Secretary of State Gardner: Keep our election integrity intact
LET'S KEEP OUR TIME TESTED ELECTION TRADITIONS INTACT - by Bill Gardner
This Wednesday, the Legislature will take up two bills that will damage our democracy and constitutional right to have free and fair elections. The effect will be to diminish the basic rights of voters and allow the power of money to run rampant in this state in the same way it did at the beginning of the last century when it consumed the political process.
Although New Hampshire is known for being a beacon of democracy, this is about to change if two bills become law.
Senate Bill 91 would remove the prohibition of corporations making contributions to candidates, committees, and parties directly from the corporate treasury. This overturns a long-standing state policy dating back to 1911 when legislation was signed into law by then Governor Robert Bass of Peterborough to reform the way political campaigns were financed. With that law, President Theodore Roosevelt and the progressive era reformers had won another grassroots victory.
That prohibition is still written in our law today 96 years later, but in 1999 a court ruled that statute was unconstitutional because it was overly broad. As long as the statute prohibited corporations from using political action committees with segregated accounts, the law could not be enforced by the attorney general.
This year, State Representative Jim Splaine of Portsmouth has tried to do what several other legislators have attempted since 1999 -- to prohibit corporations, partnerships, and labor unions from contributing from their treasuries, but to allow them to create political committees to fulfill their constitutional right to participate in electoral politics. His bill would require disclosure by those committees to show where the money came from, whom they contribute to, and how much. Voters deserve that information.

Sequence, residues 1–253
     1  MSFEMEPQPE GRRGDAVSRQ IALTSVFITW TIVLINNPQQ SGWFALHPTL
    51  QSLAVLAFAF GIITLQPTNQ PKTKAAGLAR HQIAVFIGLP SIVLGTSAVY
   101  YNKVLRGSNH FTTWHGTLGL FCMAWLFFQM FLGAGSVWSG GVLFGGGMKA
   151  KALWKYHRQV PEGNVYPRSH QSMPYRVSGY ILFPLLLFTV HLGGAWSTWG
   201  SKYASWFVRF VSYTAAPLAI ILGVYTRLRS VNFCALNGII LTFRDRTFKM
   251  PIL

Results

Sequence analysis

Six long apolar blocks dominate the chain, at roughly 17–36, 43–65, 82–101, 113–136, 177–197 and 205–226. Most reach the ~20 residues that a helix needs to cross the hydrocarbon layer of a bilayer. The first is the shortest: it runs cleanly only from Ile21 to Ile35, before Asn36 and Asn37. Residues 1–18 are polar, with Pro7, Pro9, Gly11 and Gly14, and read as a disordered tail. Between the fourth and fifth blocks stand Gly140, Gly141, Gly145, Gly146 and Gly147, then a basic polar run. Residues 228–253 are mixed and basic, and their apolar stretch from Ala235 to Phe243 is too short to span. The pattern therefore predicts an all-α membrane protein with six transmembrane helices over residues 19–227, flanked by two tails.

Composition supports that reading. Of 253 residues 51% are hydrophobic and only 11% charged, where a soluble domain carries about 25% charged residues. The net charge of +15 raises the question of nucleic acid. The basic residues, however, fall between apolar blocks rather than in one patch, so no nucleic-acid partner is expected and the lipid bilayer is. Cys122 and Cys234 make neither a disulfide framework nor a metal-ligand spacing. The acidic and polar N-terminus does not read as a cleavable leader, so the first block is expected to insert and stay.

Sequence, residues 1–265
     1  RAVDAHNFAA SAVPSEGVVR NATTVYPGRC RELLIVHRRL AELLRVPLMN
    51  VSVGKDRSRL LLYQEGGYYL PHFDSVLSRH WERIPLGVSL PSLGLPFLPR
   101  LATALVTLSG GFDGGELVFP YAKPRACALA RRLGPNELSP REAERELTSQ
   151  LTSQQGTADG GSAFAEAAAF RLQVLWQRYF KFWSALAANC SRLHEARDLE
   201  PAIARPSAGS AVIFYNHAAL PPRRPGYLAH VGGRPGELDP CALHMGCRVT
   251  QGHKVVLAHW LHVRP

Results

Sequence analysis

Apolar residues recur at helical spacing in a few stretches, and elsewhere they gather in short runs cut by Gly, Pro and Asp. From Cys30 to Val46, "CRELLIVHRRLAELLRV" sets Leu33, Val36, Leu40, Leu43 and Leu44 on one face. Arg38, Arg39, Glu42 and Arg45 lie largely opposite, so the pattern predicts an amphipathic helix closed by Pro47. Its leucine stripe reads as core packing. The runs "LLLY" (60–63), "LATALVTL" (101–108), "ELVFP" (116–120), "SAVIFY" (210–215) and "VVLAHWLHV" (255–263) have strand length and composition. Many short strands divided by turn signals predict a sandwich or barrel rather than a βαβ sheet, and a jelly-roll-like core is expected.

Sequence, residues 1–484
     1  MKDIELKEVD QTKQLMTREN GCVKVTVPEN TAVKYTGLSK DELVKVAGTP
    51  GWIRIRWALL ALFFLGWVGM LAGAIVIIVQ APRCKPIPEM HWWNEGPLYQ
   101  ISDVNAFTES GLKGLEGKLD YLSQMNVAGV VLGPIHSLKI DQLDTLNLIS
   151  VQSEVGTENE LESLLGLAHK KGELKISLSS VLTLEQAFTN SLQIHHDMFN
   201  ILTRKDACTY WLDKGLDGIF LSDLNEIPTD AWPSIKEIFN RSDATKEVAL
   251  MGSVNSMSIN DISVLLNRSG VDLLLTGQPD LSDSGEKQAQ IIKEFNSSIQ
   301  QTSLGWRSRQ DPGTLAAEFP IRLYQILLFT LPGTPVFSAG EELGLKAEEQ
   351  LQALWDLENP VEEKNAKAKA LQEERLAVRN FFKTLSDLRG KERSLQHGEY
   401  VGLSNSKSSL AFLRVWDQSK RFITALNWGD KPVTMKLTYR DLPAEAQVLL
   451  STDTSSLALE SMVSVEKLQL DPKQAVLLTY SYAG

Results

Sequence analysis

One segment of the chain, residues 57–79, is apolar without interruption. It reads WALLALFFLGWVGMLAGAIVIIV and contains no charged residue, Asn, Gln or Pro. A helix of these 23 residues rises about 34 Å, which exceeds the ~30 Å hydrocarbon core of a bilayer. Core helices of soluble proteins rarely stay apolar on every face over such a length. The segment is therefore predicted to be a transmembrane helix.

A Legislative "conference committee" last week took a different approach, which would eliminate all prohibitions on donations from the treasuries of corporations, partnerships, and unions, with no disclosure by them required. This would open the floodgates for corporations all across the country that would now be able to give directly from their corporate treasuries to New Hampshire candidates for state and county office.
Since most states do not allow direct corporate contributions, and federal law does not allow this either for federal candidates, New Hampshire would become a haven for big money and the scandals that it has led to in the past. The way to prevent this is simple: defeat the committee of conference report on SB 91 and keep our prohibition on corporate contributions intact. It can be fixed during the next several months before the next election by other legislation being sponsored by Rep. Splaine that does an excellent job at providing proper campaign finance disclosure.
The second bill, House Bill 429 creates a situation where voters casting write-in votes for some candidates will not have their vote counted. This might be hard to believe, but it's true. We must never forget the sacrifice so many have made to keep us free to vote for whomever we want and have that vote counted. This bill would allow political party leaders who might not even live in the town or city to be represented to disregard the will of the voters and insert a new candidate's name.
The essential question in this policy debate is simple: Who should decide who is nominated for public office, the voters or political party officials?
The strong tradition of primaries with nomination by voters, not party leaders, was an essential democratic reform introduced for state nominations in 1909 to give power to the citizens and lessen the influence of the railroad interests that then controlled the state.
In 1913, state representative Stephen Bullock from Richmond successfully led the fight to allow voters, rather than political party leaders, to pick the delegates to select our Presidential nominees.
These were all important reforms that strengthened the rights of voters to ensure that their voices were heard and their votes counted. Let's not go back to the days when powerful interests negated the rights of voters.
New Hampshire's proud traditions have been built on a granite foundation of transparency and openness in government and insuring that the votes of our citizens determine the outcome of elections. These two bills would move New Hampshire in a new direction, eroding these fundamental principles and values. For our future, the Governor and Legislature should not let that happen.